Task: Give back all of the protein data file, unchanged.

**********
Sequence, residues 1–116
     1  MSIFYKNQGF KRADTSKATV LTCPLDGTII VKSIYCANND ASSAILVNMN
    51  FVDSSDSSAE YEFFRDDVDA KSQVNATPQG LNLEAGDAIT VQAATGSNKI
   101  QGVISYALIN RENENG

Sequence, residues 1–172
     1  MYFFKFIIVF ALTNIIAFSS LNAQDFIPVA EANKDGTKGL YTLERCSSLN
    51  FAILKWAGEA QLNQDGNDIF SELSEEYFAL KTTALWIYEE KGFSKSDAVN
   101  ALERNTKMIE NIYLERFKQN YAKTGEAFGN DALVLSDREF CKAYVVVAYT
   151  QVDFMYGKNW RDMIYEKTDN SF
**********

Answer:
Sequence, residues 1–116
     1  MSIFYKNQGF KRADTSKATV LTCPLDGTII VKSIYCANND ASSAILVNMN
    51  FVDSSDSSAE YEFFRDDVDA KSQVNATPQG LNLEAGDAIT VQAATGSNKI
   101  QGVISYALIN RENENG

Sequence, residues 1–172
     1  MYFFKFIIVF ALTNIIAFSS LNAQDFIPVA EANKDGTKGL YTLERCSSLN
    51  FAILKWAGEA QLNQDGNDIF SELSEEYFAL KTTALWIYEE KGFSKSDAVN
   101  ALERNTKMIE NIYLERFKQN YAKTGEAFGN DALVLSDREF CKAYVVVAYT
   151  QVDFMYGKNW RDMIYEKTDN SF